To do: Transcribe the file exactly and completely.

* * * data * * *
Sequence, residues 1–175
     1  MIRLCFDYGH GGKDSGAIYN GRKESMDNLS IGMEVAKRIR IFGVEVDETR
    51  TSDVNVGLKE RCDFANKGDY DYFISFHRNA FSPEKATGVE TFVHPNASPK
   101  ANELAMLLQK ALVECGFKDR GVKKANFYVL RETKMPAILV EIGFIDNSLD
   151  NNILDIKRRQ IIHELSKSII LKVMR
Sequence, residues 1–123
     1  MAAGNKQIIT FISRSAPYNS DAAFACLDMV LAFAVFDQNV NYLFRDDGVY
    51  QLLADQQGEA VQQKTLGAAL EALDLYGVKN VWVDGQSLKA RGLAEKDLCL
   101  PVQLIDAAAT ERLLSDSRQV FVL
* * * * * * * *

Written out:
Sequence, residues 1–175
     1  MIRLCFDYGH GGKDSGAIYN GRKESMDNLS IGMEVAKRIR IFGVEVDETR
    51  TSDVNVGLKE RCDFANKGDY DYFISFHRNA FSPEKATGVE TFVHPNASPK
   101  ANELAMLLQK ALVECGFKDR GVKKANFYVL RETKMPAILV EIGFIDNSLD
   151  NNILDIKRRQ IIHELSKSII LKVMR
Sequence, residues 1–123
     1  MAAGNKQIIT FISRSAPYNS DAAFACLDMV LAFAVFDQNV NYLFRDDGVY
    51  QLLADQQGEA VQQKTLGAAL EALDLYGVKN VWVDGQSLKA RGLAEKDLCL
   101  PVQLIDAAAT ERLLSDSRQV FVL